Senator Charles E. Schumer (D-NY) and the South Farmingdale Water District (SFWD) recently issued a strong request for the United States Navy and Department of Justice to immediately follow through on the Navy's obligation to pay for the capital and operating costs necessary to build and operate water treatment facilities at two South Farmingdale public water supply sites that will be impacted by contamination.
New York State Senator Charles Schumer, South Farmingdale Water Commissioners; John Hirt, Gary Brosnan, Ralph Atoria and Superintendent Charlie Prucha.
The Navy operated the Naval Weapons Industrial Reserve Plant in Bethpage for several decades that resulted in soil and significant groundwater contamination containing volatile organic compounds. The SFWD was approached in November 2000 by the United States Navy relative to a widespread groundwater contamination plume flowing in a southerly direction toward several SFWD well fields. The plume is 12,100 feet long, 9,600 feet wide and 580 feet deep. The Navy developed a water contingency plan in connection with New York State Department of Environmental Conservation (DEC) that resulted in the Navy constructing outpost monitoring wells upgradient of Plants 1 and 3 in SFWD.
The Navy agreed that if contamination from their site was identified in the outpost monitoring wells that they would pay for all future costs that the water suppliers would incur for the required treatment facilities or abandonment and replacement of the respective wells. In 2004, the outpost monitoring wells upgradient of Plants 1 and 3 indicated that they were impacted by contamination from the naval plant site at levels above the trigger values agreed to by the Navy, DEC and SFWD.
The SFWD has been pursuing a settlement with the Navy for nearly five years and while the Navy has been in general accord with the necessary treatment facilities, the U.S. Department of Justice has not issued a final resolution and execution of the settlement agreement.
This concerns the officials at SFWD because the contaminants are "knocking on our door," in the words of Business Manager Len Constantinopoli.
"We are here to protect the taxpayer," said Senator Schumer. "They shouldn't have to pay for these treatment plants. The Navy knows they need to pay, and they've said so. Now they need to stop dragging their feet and pay up."
In the interim, the SFWD Board of Commissioners have continued to express their concern that one or more of the district's wells may be impacted before it can design and construct the treatment facilities that all parties have agreed are necessary, despite the fact that currently, all water served by the district is safe to drink.
The water treatment systems proposed would provide the same quality of water consumers enjoy today, but action has to take place as soon as possible. The district said it cannot defer the construction of treatment facilities any longer waiting for the United States Navy to provide the funds needed to meet this critical need.
While the SFWD Board of Commissioners intends to work diligently with Senator Schumer's office to expedite the final agreement with the U.S. Navy, two plans of action have been put into effect by the district to protect its water supply and to shield its consumers from paying for the treatment facility.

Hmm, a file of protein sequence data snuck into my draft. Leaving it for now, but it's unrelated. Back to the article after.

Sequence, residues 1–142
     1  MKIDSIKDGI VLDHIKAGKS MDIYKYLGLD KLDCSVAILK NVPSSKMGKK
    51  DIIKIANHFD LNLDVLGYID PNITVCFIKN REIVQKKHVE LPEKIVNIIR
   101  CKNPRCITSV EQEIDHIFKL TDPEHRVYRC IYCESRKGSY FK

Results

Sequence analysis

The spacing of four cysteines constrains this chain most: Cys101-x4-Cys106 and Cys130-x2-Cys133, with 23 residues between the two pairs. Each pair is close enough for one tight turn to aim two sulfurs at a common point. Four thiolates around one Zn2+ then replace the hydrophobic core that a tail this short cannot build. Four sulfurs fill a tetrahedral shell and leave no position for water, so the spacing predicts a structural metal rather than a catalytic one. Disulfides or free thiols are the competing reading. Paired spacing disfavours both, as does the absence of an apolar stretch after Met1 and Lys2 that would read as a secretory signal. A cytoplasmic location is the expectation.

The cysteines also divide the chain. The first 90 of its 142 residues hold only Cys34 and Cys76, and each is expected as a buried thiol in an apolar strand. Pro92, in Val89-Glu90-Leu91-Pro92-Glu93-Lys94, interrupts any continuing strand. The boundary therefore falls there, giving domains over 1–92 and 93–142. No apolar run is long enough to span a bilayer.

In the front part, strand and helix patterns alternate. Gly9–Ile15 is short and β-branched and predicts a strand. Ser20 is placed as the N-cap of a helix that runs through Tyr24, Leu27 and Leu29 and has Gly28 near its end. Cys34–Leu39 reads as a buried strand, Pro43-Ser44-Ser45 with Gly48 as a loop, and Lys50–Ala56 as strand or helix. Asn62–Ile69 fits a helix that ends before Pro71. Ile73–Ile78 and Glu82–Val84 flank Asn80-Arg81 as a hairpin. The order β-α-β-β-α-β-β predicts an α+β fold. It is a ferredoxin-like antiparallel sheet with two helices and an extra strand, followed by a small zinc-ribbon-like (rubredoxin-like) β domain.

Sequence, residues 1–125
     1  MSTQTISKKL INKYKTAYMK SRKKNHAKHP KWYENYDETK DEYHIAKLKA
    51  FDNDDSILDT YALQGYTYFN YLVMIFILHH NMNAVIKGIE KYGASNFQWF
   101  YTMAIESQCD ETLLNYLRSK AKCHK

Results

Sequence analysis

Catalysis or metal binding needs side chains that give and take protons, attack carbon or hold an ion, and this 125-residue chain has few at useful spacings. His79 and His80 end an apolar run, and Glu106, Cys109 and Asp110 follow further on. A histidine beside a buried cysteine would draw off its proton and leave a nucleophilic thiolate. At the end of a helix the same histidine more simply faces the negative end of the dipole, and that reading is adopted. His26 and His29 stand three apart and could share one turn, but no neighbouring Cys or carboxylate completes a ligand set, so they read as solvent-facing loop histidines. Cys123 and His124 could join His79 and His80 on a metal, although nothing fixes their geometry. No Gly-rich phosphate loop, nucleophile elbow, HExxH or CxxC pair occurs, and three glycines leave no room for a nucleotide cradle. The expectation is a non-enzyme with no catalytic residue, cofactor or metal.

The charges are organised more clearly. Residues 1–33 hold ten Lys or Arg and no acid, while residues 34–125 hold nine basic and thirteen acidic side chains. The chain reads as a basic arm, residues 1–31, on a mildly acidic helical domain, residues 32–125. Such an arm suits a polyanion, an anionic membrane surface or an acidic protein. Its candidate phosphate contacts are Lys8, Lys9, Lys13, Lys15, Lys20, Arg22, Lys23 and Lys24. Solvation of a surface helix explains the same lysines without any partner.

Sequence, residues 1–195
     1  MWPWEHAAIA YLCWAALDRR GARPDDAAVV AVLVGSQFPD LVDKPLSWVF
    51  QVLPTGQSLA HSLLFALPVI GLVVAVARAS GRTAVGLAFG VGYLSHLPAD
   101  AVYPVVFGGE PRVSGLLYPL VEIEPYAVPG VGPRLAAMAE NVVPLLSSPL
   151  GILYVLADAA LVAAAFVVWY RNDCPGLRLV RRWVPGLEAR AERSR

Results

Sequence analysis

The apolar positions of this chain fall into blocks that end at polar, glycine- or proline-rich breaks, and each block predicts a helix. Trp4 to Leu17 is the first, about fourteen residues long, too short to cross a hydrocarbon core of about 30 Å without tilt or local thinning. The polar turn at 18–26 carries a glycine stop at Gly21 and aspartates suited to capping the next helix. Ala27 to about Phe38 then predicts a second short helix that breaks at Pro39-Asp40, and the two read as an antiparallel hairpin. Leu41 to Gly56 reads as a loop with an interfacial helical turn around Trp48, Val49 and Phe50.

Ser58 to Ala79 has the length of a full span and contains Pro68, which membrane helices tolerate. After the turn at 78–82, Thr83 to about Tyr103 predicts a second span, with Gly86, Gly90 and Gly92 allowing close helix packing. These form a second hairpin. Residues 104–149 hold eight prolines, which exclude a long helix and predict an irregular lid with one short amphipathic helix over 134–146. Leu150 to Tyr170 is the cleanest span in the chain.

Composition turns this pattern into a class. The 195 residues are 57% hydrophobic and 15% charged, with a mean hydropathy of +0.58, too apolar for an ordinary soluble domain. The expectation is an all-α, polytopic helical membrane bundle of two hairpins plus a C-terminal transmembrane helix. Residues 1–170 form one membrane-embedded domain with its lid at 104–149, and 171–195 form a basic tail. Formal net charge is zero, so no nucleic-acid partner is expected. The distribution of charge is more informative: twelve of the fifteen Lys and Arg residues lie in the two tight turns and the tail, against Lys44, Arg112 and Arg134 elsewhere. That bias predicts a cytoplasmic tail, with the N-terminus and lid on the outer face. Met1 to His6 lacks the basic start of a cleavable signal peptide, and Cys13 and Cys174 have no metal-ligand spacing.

First, SFWD has been approved to bond up to $18 million to begin design and construction of the necessary treatment facilities. If the treatment facilities are not constructed in time, there is the potential that SFWD would need to close down or restrict wells at Plant Nos. 1 and 3. The four wells at these two sites provide nearly 40 percent of the District's well capacity, which are needed to meet existing water supply and fire flow demands. The loss of any of these wells could adversely impact SFWD's ability to meet peak and emergency pumping requirements, thereby impacting the ability to deliver an adequate water supply to its 45,000 consumers. While the district would prefer to have the money in hand from the Navy prior to building the treatment facilities, it can no longer tolerate any further delays and must proceed with the project. All proceeds associated with the capital cost portion of the settlement will be used to pay for treatment, thereby minimizing any cost burden on its taxpayers.
Second, the district met with civic associations and asked for their help. These community-minded groups provided a tremendous amount of support and positive action that has helped augment SFWD efforts during these proceedings. With the help of Senator Schumer, the SFWD Board of Water Commissioners, elected officials and civic organizations, SFWD is looking for the U.S. Department of Justice to resolve this matter quickly and without hesitation.
Senator Schumer said his office was sending a letter to the Navy asking them to commit to a timetable for reaching a final agreement on payment. He later added, "I will do what's necessary to get the Navy to attend to this immediately. If we can't get an answer from the department of justice and the Navy quickly, I will call and speak with them personally to help resolve the situation."
For more information, contact the South Farmingdale Water District at 40 Langdon Rd., Farmingdale, NY 11735, 249-3330 or visit www.sfwater.com.